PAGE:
"We knew the existing Hill Ave. and Dorr St. structures were in bad shape when the project was sold. Many repairs had been made to the structures to keep them in a safe condition until the Dorr St. project was sold to replace the bridges with new structures."
Miller Brothers Construction continues underground work along Dorr St., as well as the work related to the bridge replacement. Specifically, along Dorr St., two crews are installing water line, and one crew is installing sanitary pipe. On the Hill Ave. and Dorr St. bridges crews are working on extending the existing pier caps.
Drainage and water line work along Dorr Street between Holland-Sylvania Road and McCord Road is an ongoing process.
"Currently, there are two water line crews and one sanitary crew laying pipe and installing structures," said Biggs. "All of the approximately 8,500 feet of proposed water line and service pipe will be owned and maintained by the City of Toledo, once the project is complete. The project has approximately 127,500 feet of underdrains, 19,000 feet of drainage pipe and 240 drainage structures to install, in total."
The Hill Ave. and Dorr St. bridges must be completed before the I-475 widening work can begin. The ramps to the new Dorr St. interchange, however, do not need to be finished before the widening work commences.
Regarding overnight lane restrictions, Miller Brothers is installing sheet piling and performing other bridge related work that requires the additional space needed. I-475 NB & SB is currently down to one lane at night time.
Crews are tasked with constructing new, widened I-475 bridges over Hill Avenue and Dorr Street, with a total of four structures involved. There will be one northbound and one southbound bridge over Hill Ave., and one northbound and one southbound bridge over Dorr St.
"There are four total stages of just bridge work," said Biggs. "Stage one was complete on a separate project and included performing pavement repairs and resurfacing the outside shoulders of I-475 to maintain traffic through the remainder of the project stages. Stage two began in November of 2019, and involves installing maintenance of traffic, removing and replacing the first half of each of the four structures, constructing inside pavement, removing MGS guardrail and removing existing lighting.
"Stage three includes removing and replacing the remaining second half of each bridge, constructing full depth pavement, installing MGS guardrail, constructing ramps on Dorr St. and installing signs along I-475. Stage four includes resurfacing portions of the existing northbound and southbound pavement, placing final surface course asphalt, completing final grading, installing remaining median cable barrier and any other remaining work."
All bridges are a three-span, continuous steel beam, composite reinforced concrete deck, with widened semi-integral abutments, and cap and column piers.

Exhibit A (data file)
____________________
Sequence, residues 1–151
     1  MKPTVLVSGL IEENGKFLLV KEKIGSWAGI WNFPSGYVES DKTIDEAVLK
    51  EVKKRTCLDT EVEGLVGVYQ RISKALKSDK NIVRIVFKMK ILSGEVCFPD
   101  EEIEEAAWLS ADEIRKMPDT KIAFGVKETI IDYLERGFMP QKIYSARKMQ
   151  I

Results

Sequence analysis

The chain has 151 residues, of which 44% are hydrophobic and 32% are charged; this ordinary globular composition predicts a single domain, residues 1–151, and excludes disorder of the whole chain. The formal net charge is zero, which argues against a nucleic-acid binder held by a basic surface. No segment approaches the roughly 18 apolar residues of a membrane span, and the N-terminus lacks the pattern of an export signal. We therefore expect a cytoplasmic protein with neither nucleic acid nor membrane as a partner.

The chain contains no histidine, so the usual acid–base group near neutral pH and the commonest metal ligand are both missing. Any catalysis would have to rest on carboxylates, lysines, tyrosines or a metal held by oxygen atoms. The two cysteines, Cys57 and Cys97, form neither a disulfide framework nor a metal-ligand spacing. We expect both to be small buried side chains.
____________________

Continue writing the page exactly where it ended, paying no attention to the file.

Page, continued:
Dimensions for bridges over Hill Ave & Dorr St. are 63'4" width, 178' length, 25' approach slabs and three 12-foot lanes with 12-foot shoulders.
Adding a roundabout interchange at Dorr Street has already begun. The drainage and earthwork along Dorr St. must be completed first. Then stabilization, grading and pavement for the roundabouts can take place. The bridge work on I-475, as well as the ramp installation, must be complete before the interchange can open.
Construction milestones include completing the bridges, finishing the work on Dorr St., completing the Dorr St./I-475 ramps, completing the widening work on I-475 and opening the interchange.
The widening and paving along the inside of I-475 will begin this summer. Westbound Dorr St. will be paved at the same time, with the remainder of Dorr St. paving to be completed in 2021.
Main equipment being used on the project includes various types and sizes of loaders, dozers and excavators. Brands include, but are not limited to, Komatsu, John Deere and Kubota. Asphalt, stone, concrete, cement stabilization materials, fill material/soil, pipe and rebar (fiberglass and steel) are among the materials required to complete the work.
Biggs said weather has not really been an issue for crews.
"So far, we have had a mild winter, and that has helped the drainage crews stay on schedule. Wet conditions are typically the hardest to work in, so projected rainy months are more of a concern."
Dirt/material moved on the project includes 45,000 cu. yds. of material proposed for "fill" (embankment) and 39,000 cu. yds. of material proposed for "cut" (excavation). Overall, the project is a fill job. A total of 6,000 cu. yds. of embankment material will need to be delivered to the site.
While the project has been years in the making, Dangelo and other ODOT staffers are looking to the future.
"This project has been dreamed about and talked about for decades. Once funding started coming together, the goal was to complete the project in advance of the Solheim Cup that will be taking place in Toledo, Ohio at Inverness Club, in fall 2021."